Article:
U.S. Secretary of State Hillary Rodham Clinton meets with Russian Foreign Minister Sergey Lavrov, in St. Petersburg, Russia, June 29, 2012. (POOL/Reuters)

If Russia holds the key to ending the conflict in Syria, as the Obama administration and much of the world have long said it does, then why won’t it open the door to a solution?

Moscow has said it will not abandon its longtime material and moral support for President Bashar al-Assad just because the United States and other powers have ganged up on him. The Russians say they are acting out of respect for Syrian sovereignty and concern about who would replace Assad.

Western officials and Russia experts have suggested additional reasons. They contend Russia fears losing a base of influence in the Middle East, a Mediterranean naval harbor and a reliable customer for its defense industry. Moscow also worries about Islamic extremists within the Syrian opposition and may be playing a Cold War-style game of one-upmanship and enjoying the international spotlight, they said.

But for the broad coalition of countries that want to see Assad gone and an end to a conflict that has left thousands of civilians dead, there is no satisfying explanation for a policy whose eventual downsides seem blindingly obvious.

“If you look at everything they claim to care about — stability, economic ties, a military and defense relationship — all of that presumably will go away if Syria crumbles into either a failed state or a prolonged sectarian conflict,” said Andrew S. Weiss, a Russia expert who served in the Bill Clinton administration.

With another meeting of world powers about the 15-month crisis scheduled for Saturday in Geneva, the Obama administration believes it has detected some weakening in Russia’s steadfast refusal to jettison Assad. Officials said they also see signs of interest in new proposals from U.N. envoy Kofi Annan for a transition government of national unity, which will debated in Geneva.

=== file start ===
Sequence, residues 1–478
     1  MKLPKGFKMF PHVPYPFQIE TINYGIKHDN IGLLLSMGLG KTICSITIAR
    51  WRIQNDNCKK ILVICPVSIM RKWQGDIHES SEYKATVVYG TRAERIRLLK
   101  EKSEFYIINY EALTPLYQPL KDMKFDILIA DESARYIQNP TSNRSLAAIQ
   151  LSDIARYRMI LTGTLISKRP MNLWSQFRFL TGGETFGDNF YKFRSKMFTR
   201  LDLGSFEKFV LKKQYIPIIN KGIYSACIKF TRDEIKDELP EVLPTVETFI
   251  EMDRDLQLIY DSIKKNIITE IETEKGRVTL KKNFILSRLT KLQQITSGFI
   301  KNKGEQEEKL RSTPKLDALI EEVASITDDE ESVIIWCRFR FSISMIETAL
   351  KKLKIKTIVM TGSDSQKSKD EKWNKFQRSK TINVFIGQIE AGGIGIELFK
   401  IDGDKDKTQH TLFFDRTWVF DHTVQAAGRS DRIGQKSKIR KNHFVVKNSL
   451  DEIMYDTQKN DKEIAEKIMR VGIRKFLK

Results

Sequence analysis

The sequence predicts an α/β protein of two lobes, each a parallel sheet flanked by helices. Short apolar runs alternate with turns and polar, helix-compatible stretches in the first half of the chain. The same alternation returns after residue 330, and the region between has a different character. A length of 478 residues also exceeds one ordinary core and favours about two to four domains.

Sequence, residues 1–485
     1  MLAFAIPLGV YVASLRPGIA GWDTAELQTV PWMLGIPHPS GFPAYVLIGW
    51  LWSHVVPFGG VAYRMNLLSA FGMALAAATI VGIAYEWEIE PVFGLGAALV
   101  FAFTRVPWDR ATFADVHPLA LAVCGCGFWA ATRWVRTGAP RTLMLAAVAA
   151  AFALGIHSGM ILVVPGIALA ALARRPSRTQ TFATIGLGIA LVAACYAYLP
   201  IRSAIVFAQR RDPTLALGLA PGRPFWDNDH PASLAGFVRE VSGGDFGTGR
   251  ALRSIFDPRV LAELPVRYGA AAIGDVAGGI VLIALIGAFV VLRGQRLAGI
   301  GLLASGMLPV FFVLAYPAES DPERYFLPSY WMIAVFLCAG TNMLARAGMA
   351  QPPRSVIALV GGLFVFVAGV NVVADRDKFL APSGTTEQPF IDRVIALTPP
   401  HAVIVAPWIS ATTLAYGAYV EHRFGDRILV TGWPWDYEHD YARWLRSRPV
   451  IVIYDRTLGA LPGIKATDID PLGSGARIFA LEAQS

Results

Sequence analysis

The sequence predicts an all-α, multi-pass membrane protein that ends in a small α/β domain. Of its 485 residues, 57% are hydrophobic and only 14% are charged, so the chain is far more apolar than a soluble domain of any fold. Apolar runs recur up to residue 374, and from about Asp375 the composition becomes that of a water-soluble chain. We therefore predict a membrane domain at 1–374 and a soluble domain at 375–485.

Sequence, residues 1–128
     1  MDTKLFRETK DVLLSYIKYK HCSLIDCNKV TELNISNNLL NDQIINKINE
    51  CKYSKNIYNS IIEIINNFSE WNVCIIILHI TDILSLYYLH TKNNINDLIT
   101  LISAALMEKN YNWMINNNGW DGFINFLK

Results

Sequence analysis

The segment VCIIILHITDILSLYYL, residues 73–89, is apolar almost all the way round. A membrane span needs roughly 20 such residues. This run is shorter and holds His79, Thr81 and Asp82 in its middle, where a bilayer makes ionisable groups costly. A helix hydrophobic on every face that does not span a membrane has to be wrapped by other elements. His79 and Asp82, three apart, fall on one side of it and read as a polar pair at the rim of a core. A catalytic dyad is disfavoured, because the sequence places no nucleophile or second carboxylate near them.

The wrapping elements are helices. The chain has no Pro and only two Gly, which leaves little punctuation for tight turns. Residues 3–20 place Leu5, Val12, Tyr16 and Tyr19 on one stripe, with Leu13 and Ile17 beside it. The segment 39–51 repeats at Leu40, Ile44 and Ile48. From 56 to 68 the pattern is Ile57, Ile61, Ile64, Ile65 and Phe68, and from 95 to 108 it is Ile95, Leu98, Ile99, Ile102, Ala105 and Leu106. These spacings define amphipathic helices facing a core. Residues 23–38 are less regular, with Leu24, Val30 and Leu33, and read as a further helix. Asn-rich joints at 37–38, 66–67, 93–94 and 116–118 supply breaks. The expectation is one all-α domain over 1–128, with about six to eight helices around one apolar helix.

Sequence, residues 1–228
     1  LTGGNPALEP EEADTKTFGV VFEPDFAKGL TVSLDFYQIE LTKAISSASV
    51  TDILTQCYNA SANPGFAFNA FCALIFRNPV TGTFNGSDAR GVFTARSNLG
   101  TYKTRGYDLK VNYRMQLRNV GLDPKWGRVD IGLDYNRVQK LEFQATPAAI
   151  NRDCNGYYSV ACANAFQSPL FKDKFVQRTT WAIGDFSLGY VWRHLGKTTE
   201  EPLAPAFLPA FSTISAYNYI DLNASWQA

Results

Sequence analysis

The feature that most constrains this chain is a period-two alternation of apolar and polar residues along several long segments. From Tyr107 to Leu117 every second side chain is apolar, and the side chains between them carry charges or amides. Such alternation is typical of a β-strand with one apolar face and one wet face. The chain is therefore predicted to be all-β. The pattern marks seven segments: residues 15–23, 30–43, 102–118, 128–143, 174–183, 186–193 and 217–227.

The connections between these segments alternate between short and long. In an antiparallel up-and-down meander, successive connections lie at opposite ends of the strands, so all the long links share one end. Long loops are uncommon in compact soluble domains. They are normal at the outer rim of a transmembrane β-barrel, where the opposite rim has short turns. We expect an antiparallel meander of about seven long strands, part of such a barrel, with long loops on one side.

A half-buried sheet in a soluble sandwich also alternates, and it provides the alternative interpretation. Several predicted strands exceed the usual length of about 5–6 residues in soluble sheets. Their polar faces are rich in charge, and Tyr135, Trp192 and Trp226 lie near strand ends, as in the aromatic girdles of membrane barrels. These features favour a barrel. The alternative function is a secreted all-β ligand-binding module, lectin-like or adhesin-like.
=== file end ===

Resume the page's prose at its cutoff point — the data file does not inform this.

“They have indicated that, to them, the issue is not some personal commitment to Assad,” said a senior administration official, who spoke on condition of anonymity because of diplomatic sensitivities. “There is a lack of understanding about what comes next, but the implicit suggestion is that they are open to a discussion that could include Assad leaving.”

Secretary of State Hillary Rodham Clinton stopped in St. Petersburg on Friday to confer with her Russian counterpart, Foreign Minister Sergei Lavrov, before they travel to Geneva.

Accounts of their meeting were cryptic and contradictory. Lavrov told reporters that the two agreed on “most things” and said: “I felt Hillary Clinton’s position has changed. She understands our position.”

A senior State Department official in St. Petersburg told Reuters news service, “There are still areas of difficulty and difference.”

According to Russia’s Interfax news agency, there was no progress at a preparatory session in Geneva on Friday attended by representatives from Washington, Moscow and other U.N. Security Council and Arab League members. “Russian delegates stopped other countries’ representatives from reaching a consensus on implementation of Annan’s plans,” the report said.

A statement from Russia’s Foreign Ministry said that it viewed the upcoming ministers’ gathering as a “positive step,” but that Russia was “not changing its principled approach that Syrians should determine the future of their country themselves.”